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Filipino Cats in Angkor Land

We arrived in Siem Reap on June 5, 2012.

After enjoying a week’s stay at the Baca Villa GuestHouse, we were able to get a good deal for a room for one month at the Green Village Angkor Hotel.

I accepted a teaching job at one of the schools in Siem Ream and started working after the queen’s birthday (June 18th) which was a national holiday. I lived in the hotel for a month. During that time, Ronald flew back to the Philippines to pack our things, have the cats documented for their travel to Cambodia, and return the keys to the landlord.

It was quite admirable of Ronald to volunteer to go back to my home country to take care of everything. All that packing, sorting, moving, and arranging storage for the things we had to leave behind. Talking to people and arranging export permits and all that’s needed to get the cats out of the country. Luckily, we found a reliable pet movers company, GRM International, whose people managed to take care of legal documents quickly and efficiently. Many many thanks to our contact Ms. Naty Castillo ( for all the help and prompt correspondence!

Ronald, with the help of my brothers who were in Manila then were able to store our boxes and trunks at the spare room at my sister Patti’s house, also in Imus.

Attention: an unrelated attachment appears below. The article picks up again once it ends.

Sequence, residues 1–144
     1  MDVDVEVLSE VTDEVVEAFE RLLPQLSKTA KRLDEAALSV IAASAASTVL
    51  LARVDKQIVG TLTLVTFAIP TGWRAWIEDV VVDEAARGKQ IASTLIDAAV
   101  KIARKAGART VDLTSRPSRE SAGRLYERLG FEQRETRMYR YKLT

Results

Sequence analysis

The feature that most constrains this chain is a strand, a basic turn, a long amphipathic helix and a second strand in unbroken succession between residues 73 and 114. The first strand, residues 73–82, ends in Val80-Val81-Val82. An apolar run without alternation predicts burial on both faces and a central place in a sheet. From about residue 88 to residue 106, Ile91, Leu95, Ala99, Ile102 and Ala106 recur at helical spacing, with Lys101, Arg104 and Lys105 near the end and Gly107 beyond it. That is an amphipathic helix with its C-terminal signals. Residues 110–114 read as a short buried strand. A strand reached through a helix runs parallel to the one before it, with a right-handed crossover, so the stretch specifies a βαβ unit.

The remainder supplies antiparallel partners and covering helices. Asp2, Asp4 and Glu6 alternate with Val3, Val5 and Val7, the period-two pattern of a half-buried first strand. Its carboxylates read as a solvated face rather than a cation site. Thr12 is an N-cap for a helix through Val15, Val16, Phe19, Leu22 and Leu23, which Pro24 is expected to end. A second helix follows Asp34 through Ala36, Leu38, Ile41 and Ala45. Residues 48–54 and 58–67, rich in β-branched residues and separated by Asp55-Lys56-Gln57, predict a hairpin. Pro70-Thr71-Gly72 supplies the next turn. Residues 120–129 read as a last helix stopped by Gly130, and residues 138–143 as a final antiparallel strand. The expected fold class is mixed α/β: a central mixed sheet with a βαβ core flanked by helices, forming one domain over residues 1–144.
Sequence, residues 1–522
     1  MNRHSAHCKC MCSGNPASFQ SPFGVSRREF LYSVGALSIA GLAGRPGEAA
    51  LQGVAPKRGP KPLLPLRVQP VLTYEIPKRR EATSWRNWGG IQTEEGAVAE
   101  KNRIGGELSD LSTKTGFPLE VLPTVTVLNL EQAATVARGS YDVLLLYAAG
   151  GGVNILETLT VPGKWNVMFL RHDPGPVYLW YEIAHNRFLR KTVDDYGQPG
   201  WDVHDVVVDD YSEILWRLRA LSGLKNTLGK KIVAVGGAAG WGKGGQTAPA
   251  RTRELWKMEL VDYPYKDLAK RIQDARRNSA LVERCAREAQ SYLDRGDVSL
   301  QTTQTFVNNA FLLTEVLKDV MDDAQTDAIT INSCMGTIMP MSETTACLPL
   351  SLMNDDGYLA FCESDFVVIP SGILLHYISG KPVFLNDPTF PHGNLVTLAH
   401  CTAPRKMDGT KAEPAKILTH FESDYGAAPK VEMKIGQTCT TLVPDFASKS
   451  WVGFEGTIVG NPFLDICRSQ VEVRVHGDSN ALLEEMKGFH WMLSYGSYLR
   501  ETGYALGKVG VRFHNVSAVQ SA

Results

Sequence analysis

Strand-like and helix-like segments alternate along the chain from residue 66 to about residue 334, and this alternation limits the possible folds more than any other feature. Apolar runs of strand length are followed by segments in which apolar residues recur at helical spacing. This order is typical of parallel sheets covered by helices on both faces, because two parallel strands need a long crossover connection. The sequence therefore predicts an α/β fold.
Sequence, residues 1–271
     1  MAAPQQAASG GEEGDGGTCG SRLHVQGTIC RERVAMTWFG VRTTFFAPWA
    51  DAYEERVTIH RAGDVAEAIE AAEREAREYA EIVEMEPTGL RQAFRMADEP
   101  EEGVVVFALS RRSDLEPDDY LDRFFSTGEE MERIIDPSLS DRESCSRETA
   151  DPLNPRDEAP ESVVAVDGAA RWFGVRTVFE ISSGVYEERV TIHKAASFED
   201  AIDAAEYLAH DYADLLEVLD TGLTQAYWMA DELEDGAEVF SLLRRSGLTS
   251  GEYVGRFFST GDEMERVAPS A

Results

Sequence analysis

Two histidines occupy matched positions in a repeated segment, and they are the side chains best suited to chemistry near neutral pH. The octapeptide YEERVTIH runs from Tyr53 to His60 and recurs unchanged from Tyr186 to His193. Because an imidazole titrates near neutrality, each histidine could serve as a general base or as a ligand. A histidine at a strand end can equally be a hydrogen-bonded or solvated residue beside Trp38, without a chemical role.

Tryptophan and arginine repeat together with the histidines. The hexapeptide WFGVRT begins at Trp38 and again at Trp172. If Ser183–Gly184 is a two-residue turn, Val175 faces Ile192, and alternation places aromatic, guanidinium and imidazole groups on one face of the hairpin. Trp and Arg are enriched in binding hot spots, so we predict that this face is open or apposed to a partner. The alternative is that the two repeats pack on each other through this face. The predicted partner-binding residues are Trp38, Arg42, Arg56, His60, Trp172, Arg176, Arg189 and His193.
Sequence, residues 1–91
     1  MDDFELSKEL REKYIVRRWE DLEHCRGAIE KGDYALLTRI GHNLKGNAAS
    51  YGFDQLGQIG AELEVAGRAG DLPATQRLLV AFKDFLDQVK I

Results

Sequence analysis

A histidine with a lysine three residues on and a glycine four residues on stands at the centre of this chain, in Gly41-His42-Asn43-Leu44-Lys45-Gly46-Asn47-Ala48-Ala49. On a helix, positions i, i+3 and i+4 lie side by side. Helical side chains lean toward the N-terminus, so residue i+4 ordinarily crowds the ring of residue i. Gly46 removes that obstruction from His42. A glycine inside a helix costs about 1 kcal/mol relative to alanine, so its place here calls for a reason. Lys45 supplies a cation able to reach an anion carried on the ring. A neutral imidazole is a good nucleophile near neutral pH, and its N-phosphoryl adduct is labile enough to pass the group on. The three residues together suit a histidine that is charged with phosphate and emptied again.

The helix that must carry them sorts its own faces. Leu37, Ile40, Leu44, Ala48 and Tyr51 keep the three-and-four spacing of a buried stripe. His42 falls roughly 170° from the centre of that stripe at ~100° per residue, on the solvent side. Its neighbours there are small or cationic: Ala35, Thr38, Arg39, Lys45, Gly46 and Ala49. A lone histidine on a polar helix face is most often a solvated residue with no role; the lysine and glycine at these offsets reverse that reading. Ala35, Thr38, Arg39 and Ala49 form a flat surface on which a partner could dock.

After almost a month, all eight cat passports, health certificates (issued by our favorite vet Dr. Elena Labutan who also administered the vaccinations), and other documents were ready. Import and export permits and flight arrangements were also in order.






Cat Passports
Cat Passports

On July 14, 2012, eight furry creatures were ready to board a Malaysia Airlines flight to Siem Reap via Kuala Lumpur.

On the way to the airport in Phnom Penh that day, it worried me heaps thinking about what the furries must be going through hearing strange voices and noises around them and being inside an airplane up in the clouds on their way to be with me. But they survived.

I was truly overjoyed to see them all alive and well staring back at me wide-eyed from their cages at the cargo terminal.

I was met and accompanied by our Cambodian friend Linna and her then boyfriend Theng Vipheak who were both instrumental in procuring an import permit from the ministry in charge in Phnom Penh. Without their help, it would have probably cost us much more time, effort, and $$ to get what we needed from the government offices in the capital.

I let Linna and Vipheak do all the talking in the vernacular with the officials at the cargo terminal to avoid standing out as the foreigner who arranged to export-import almost a dozen cats to their country. Needless to say, there were shocked exclamations from the officials at each stop.

Pram bey! “Eight!?!? Why eight?”

Right. Why not one? Or two? They probably wondered what special type or breed of furry creatures they were that they had to be flown across the South China Sea to be with their owners. I was afraid that the costs would turn special too at the end of the conversations.